I am NOT saying to go out and hop on your new bike (or any freshly rebuilt motor), and just thoughtlessly nail the throttle ... some caution and common sense are in order here ... or you could possibly end up seizing it.
Here's the low down ...When you break in a new motor, you are essentially trying to "wear-in" or "mate" metal to metal surfaces within the motor. Think of it in this way . . . It's similar (in principle) to lapping a 4-cycle engine's "valve seat" for better sealing ... you are wearing (by friction from the lapping compound) the two surfaces together so that they both match each other. Only after these two surfaces have worn together do you get the perfect valve seal.You're trying to do that very thing with the piston/cylinder & rings, but without the aid of the lapping compound ... the friction comes from the honing "cross hatches". This wearing together of the rings to cylinder wall is best achieved early on while the cross hatches are still sharp and able to "cut" and wear the two surfaces together. Just try lapping in a valve without the friction from the grinding compound ... it would take forever, and you never would archive as good of results.When you work your motor against a load (like under acceleration), the piston rings are being forced out against the cylinder walls with tremendous pressure ... the more gas you give it, the harder the rings push out. This is the best time and way to mate/wear the two surfaces together ... while the motor is fresh!Now ... think of breaking in a motor while idling it along ... babying the motor ... as if you might break something? The combustion that is being generated is pretty weak and the ring pressure against the cylinder walls is minimal ... so ... after about 400 or 500 miles of this pampering, you have only succeeded in rounding off the sharp honing edges on the cylinder wall, and still have not mated the two surfaces together for a good seal.At this point, you have missed your opportunity and the engine's cylinder probably has blow-by, less compression, less power!! Have you ever seen a black & brown stained piston and/or glazed over cylinder walls? That is baked on oil ... caused from the hot gases that are blowing by the rings.Tests have shown time and again that the power losses from breaking a engine in gently (as per many owners manuals), are in the neighborhood of 5 to 7 percent. By the time your engine finally wears together, it could be worn out!!Break-in Procedure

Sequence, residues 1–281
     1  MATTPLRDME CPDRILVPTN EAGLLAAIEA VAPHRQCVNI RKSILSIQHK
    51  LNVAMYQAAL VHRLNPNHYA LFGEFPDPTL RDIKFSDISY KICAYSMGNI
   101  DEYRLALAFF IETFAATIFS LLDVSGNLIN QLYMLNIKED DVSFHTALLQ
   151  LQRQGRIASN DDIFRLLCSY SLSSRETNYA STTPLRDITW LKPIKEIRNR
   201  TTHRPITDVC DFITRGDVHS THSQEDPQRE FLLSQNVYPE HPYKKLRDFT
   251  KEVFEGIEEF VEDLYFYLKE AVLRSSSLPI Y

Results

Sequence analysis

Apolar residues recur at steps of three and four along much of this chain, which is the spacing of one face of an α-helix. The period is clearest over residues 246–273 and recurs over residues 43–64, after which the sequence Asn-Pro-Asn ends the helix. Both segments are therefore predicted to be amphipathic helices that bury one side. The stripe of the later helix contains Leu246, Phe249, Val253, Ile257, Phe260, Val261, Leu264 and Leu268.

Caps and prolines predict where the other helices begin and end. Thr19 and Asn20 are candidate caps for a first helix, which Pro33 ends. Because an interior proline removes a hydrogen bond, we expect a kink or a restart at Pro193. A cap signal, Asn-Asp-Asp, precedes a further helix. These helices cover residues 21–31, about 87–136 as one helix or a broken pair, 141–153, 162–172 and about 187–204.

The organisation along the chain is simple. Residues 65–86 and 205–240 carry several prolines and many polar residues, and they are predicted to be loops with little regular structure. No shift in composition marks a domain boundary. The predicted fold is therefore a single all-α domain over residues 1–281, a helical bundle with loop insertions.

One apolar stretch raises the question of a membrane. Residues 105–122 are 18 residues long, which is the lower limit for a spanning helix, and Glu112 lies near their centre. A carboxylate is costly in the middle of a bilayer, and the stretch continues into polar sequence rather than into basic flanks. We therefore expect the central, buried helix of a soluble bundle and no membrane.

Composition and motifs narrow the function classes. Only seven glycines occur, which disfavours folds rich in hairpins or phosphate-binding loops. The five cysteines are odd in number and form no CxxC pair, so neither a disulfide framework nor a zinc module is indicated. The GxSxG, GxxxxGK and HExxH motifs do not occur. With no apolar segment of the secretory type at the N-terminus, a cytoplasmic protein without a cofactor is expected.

I usually start out recommending that you go to a slightly bigger (richer) main jet & sometimes, even a richer jet needle position ... until you get through these initial stages. Also, if you are mixing your oil & gas, put a little more oil in ... if you are using the auto lube system, also mix a little oil into your gas .... It's just better to have slightly richer jetting & oil to gas ratios ... rather then risking possible seizure from overheating caused by a lean mixture, or from a lack of lubrication.If at any time during the break-in you feel that the engine might be overheating, bogging down, or not accelerating as quickly as it just was beforehand, (with the same amount of throttle), then shut it off and let it cool down ... check your spark plug for a proper reading. Always be prepared to pull in the clutch and kill the motor if it starts to bog or pull down during the break-in period ... it could be the onset of piston seizure.Any seizure that might occur, would probably mean one (or more) of the following:
You are too lean on your jetting ... and/or the gas to oil mix ratio
The rebuild has too tight a ring gap or piston clearance
Inadequate warm-up ... immediately followed by pushing the new engine unreasonably hard.
Not watching how the spark plug is burning as you proceed through the process ... in other words, ignoring it's state of tune... probably NOT because of the stress graduated break-in outlined below.